I agree. Mexico and the United States share a similar colonial history that is hard to erase. In each case, explorers came and basically attempted to either enslave or wipe out the native population. There is no way either can begin to make up for that, especially in the case where the natives are gone.
Recent policies in Mexico were more broad minded than early U.S. policies. Mexico's indigenous population were given voice at the First Inter-American Indian Congress launched in 1940 by Mexico's Autonomous Department of Indigenous Affairs. During ensuing years, demands were made for greater incorporation of indigenous people into Mexico's national life, which included demands for wage parity, land, and self-determination. Most recently, combat between government and indigenous groups has been replaced with political negotiation for full realization of indigenous rights.
Indigenous peoples are afforded many rights in Mexico. For one thing, many indigenous languages have "national" status, meaning they have equal standing with Spanish. They have the right to have their own cultural systems enshrined in local laws, provided they do not violate basic human rights as identified by the Mexican constitution. They also have the right to elect their own representatives to city and local governments in the areas where they make up a significant portion of the population. These rights are protected by the Mexican constitution, and apply to indigenous groups that have migrated to Mexico from the United States and Central American countries.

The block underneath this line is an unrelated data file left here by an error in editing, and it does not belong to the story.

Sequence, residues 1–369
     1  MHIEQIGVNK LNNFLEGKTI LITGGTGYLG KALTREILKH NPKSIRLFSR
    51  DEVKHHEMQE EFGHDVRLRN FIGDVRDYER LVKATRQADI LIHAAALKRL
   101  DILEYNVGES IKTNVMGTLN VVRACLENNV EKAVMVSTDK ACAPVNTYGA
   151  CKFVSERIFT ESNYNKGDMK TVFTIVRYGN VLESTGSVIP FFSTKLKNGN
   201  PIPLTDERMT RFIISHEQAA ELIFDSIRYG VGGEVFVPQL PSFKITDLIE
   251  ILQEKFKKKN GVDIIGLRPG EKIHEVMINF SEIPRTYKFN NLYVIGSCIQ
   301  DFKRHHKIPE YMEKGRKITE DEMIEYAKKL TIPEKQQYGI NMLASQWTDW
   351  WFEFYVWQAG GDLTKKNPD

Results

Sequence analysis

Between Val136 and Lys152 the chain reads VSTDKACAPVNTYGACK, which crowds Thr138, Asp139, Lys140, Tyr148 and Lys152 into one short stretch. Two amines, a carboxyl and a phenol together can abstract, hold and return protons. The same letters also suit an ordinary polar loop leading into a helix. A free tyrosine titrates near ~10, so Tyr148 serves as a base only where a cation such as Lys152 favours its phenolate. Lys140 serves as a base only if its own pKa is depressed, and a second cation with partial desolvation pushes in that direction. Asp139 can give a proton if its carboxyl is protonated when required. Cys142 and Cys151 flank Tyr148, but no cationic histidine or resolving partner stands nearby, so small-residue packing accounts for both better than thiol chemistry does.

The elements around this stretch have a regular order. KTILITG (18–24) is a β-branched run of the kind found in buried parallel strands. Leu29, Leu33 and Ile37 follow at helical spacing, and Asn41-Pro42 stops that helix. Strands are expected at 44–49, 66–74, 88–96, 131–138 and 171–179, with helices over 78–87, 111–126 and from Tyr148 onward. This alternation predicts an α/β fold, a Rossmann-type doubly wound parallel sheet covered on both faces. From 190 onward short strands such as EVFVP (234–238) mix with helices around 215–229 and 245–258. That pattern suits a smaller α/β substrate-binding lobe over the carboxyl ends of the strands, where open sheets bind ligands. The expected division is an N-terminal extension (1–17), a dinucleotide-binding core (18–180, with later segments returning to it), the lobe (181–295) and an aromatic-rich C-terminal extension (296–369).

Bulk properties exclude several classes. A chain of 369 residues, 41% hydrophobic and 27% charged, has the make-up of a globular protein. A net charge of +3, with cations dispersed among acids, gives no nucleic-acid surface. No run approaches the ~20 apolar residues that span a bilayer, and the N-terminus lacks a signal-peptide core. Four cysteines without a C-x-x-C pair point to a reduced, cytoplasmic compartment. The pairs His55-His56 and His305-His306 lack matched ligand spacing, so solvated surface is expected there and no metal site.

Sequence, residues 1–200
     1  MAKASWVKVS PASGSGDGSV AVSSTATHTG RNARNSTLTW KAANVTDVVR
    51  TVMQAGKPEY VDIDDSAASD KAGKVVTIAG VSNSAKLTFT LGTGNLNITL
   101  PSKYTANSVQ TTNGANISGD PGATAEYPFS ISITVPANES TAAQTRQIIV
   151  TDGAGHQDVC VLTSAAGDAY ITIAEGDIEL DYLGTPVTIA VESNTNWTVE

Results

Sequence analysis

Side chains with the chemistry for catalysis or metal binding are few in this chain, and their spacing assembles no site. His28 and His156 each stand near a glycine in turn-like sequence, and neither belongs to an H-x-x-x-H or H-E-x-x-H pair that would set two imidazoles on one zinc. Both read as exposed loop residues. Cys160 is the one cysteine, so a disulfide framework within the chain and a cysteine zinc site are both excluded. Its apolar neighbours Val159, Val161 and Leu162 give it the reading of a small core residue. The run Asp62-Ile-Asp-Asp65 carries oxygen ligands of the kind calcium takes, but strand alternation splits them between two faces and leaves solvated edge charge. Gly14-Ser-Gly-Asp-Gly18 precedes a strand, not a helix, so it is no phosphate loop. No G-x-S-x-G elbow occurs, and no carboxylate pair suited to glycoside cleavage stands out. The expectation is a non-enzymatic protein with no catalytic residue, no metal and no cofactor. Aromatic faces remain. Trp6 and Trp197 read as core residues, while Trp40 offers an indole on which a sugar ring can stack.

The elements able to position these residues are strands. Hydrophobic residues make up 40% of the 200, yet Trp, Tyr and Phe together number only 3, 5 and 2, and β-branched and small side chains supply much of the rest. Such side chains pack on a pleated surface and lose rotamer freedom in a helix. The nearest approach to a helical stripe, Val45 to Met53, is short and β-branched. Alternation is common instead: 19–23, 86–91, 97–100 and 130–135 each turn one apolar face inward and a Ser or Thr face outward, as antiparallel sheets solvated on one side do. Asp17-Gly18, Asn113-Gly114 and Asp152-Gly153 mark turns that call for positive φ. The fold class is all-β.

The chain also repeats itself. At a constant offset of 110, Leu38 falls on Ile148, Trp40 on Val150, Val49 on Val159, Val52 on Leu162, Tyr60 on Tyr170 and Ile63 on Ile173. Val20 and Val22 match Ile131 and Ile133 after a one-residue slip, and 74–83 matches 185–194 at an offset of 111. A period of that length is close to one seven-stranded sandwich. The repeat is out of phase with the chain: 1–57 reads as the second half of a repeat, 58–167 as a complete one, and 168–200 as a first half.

Some people in the United States have a very hard time identifying who is indigenous to America. Therefore, while Mexico has repeatedly celebrated its indigenous people, America is still trying to figure out how to celebrate its indigenous people.
Mexico has many, many more indigenous people than the US does. This helps cause it to have different policies towards them. The Mexican policy has been more supportive of the culture of indigenous people, particularly in recent times. Even its constitution defines it as a country made up of many cultures.